Australian technology news, reviews, and guides to help you
Australian technology news, reviews, and guides to help you

Blue’s next mic isn’t USB, and that’s OK

Since Blue’s microphones started hitting Australia, they’ve largely been about USB, and that’s fine, but the latest from CES brings the power back to XLR.

Podcasters, eSports commentators, musicians, and folks with a YouTube account that makes them money all have something in common: they all rely on microphones to communicate to folks online.

Not every microphone is created equal, though, and some are clearly better than others.

Microphones also aren’t always easy. The implementation of USB has helped make microphones much easier to get info, making it less of a requirement that you need a big sound card and allowing a sound card built inside to do the job.

But it doesn’t always make for the best results, and microphones that use the traditional microphone jack may carry more power and do a better job with your voice than those that rely on the trusty USB plug.

It’s often a question of quality vs convenience. USB is convenient and offers decent quality, but the traditional microphone port of XLR is better, even if it is less convenient since it requires a special port and usually a dedicated sound card.

If you’re not bothered by the latter, Blue has used CES to announce that its latest microphone won’t be like the USB Yeti or Raspberry it’s had in recent years, but rather more like its studio microphones, complete with an XLR connector on a condenser microphone.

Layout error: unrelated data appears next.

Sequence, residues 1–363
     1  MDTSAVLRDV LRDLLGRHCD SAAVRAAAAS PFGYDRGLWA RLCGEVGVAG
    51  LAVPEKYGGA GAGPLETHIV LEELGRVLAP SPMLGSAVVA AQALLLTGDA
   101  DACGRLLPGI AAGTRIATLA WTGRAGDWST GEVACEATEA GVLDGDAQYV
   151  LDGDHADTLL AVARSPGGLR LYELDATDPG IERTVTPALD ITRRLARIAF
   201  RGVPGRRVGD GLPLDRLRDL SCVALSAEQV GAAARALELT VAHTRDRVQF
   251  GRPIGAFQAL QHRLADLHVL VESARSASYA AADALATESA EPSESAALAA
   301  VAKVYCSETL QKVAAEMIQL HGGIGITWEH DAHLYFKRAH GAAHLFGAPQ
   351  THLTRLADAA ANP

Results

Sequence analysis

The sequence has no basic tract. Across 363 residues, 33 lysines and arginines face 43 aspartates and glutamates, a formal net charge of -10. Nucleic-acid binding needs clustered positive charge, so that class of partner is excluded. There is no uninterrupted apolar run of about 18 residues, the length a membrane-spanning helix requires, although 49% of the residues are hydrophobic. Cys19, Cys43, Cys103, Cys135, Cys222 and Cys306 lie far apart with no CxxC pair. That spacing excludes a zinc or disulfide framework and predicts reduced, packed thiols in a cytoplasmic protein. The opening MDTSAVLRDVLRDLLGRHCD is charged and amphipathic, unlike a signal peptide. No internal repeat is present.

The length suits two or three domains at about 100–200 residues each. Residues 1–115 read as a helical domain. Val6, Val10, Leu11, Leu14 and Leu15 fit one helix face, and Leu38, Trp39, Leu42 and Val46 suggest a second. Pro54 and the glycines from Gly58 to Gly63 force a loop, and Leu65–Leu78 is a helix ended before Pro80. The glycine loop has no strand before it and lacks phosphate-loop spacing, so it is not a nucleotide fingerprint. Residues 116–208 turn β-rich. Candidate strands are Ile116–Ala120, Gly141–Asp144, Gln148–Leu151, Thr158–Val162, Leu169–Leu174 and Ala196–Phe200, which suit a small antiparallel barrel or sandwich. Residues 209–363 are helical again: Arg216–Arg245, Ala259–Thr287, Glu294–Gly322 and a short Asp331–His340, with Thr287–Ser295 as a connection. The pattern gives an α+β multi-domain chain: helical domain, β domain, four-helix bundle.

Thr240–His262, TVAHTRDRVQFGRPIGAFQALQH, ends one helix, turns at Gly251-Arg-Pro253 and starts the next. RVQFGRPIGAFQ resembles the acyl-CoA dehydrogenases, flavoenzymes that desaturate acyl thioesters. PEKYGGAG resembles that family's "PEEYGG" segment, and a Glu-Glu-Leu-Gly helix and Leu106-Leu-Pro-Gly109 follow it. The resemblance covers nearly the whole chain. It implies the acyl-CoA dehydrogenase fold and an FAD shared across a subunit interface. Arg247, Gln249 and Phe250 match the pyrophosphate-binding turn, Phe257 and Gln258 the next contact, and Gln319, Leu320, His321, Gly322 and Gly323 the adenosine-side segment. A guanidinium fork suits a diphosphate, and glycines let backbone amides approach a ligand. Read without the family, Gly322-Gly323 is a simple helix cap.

It’s called “Ember”, and it’s basically a podcaster and video creator edition of its more expensive microphones, with a condenser capsule built for voices and instruments, but also built to be relatively affordable, attracting an overseas price tag of $100 in the US.

“Ember is designed to help video creators, podcasters, and musicians deliver professional productions from their home studios with superb detail and depth,” said Blue’s Tommy Edwards, Director of Product Management for the company.

“Its precise cardioid pattern and ability to handle loud sound sources delivers clear and focused sound, while the sleek design ensures optimal placement or low profile for on-camera productions,” he said. “Ember is perfect for home studio creators who want their productions to stand out with rich, professional-quality audio.”

In what will probable come as no surprise, there’s no word on Australian pricing or availability, but the moment that changes, you’ll hear about it here.

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